Alternatively, we can provide you with paper diary sheets to complete. 

Someone From The Respect Line Will Call You To Offer You Support
Respect Line will be in touch

If you give us consent, we'll arrange for someone from the Respect Line to contact you to offer advice and support. 

We can’t take action against someone without evidence. Evidence includes:

  • photographs
  • diary sheets
  • videos
  • audio recordings
  • witness statements

Evidence can be provided for a case from you or our partner agencies who use specialist tools such as noise recording devices. 

The ASB App Can Be Used To Record Evidence
ASB app and Respect Line

Our neighbourhood teams and ASB team use two systems to support you if you’ve reported anti-social behaviour to us.

ASB app

Once you’ve made a complaint, one of our officers will invite you to download the app which you can use to upload evidence including written information, photos, or videos. We’ll explain how it works and how to use it. You can still keep a traditional diary of incidents if you’d prefer.

We manage who has access to the app, by inviting you to use it and closing it after the investigation is complete. The app provides a quick and accessible system for reporting further ASB incidents and helps with accurate record keeping, so we can escalate and build case files in a timely manner.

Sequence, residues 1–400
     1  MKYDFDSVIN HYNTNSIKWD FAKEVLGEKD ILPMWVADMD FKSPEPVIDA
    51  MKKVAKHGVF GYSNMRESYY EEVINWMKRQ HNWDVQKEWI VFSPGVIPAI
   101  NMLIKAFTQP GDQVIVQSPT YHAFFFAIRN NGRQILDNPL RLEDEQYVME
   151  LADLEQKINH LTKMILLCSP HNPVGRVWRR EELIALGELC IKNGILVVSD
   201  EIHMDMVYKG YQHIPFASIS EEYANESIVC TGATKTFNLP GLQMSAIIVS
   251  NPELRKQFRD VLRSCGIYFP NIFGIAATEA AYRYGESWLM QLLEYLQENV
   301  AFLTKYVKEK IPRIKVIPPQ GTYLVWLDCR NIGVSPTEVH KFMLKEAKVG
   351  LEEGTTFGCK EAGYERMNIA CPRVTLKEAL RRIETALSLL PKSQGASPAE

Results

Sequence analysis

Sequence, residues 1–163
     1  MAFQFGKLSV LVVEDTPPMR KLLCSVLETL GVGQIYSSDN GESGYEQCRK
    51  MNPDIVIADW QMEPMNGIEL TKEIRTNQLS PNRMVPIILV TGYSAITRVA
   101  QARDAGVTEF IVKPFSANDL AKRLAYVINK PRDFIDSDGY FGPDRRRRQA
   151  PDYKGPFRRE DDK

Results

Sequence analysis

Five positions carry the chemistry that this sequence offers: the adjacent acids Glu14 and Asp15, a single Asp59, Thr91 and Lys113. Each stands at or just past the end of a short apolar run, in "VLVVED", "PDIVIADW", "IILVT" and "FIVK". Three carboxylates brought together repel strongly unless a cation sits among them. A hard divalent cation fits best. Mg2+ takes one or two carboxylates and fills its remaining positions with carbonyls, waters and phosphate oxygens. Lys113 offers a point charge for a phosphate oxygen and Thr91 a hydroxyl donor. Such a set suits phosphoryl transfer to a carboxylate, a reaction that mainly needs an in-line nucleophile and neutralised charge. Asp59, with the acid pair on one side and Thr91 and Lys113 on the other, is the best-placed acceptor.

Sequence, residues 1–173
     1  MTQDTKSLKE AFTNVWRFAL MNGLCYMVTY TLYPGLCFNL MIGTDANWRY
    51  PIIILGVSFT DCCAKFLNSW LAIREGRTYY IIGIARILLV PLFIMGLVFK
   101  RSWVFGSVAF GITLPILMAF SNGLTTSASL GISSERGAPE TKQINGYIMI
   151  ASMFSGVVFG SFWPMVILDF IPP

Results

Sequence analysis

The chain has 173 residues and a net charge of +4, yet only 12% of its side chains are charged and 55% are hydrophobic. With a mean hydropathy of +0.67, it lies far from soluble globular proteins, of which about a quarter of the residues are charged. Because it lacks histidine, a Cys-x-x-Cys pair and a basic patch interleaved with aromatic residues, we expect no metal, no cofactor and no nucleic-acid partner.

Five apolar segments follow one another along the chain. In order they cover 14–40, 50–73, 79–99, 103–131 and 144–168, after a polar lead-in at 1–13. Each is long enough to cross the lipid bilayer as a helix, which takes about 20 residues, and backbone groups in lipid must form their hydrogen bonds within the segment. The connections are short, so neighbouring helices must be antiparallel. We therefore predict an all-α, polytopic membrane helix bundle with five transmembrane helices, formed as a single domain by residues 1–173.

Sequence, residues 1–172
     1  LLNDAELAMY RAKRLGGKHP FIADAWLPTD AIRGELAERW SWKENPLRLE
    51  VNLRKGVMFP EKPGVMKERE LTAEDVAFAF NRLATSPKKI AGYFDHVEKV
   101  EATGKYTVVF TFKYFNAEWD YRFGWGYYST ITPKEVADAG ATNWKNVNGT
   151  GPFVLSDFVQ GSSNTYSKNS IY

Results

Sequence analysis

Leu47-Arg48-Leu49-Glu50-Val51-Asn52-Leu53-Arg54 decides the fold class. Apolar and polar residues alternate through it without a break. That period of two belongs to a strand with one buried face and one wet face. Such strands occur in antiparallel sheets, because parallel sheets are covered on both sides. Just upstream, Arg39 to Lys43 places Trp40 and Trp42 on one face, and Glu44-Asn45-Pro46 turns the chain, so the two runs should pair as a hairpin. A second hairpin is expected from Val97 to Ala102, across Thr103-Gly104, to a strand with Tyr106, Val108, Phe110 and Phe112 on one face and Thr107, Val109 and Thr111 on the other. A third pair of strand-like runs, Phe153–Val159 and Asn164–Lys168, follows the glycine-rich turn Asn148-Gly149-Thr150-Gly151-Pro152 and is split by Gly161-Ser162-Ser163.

Respect Line 

This is an out of hours external customer service from professionals who have specialist knowledge to support you.

Once you’ve told us you’re having problems with ASB, you’ll be contacted and offered advice and support.

They can take note of the incidents that have happened since last contact and give advice on what action you should be taking next, which might include contacting South Yorkshire Police. This information is sent directly to the investigating officer to help progress the case.

Next steps

When a new report is received, the neighbourhood officer or ASB officer will make reasonable attempts to contact the reporter at least three times by visiting, and by telephone. If these attempts are unsuccessful, a letter will be sent to encourage contact. If the reporter does not contact the neighbourhood officer or ASB officer within ten working days of that letter being sent, the case will be closed.

We can’t take action against someone without evidence. If the evidence confirms ASB, we’ll take fair, reasonable, and proportionate enforcement action.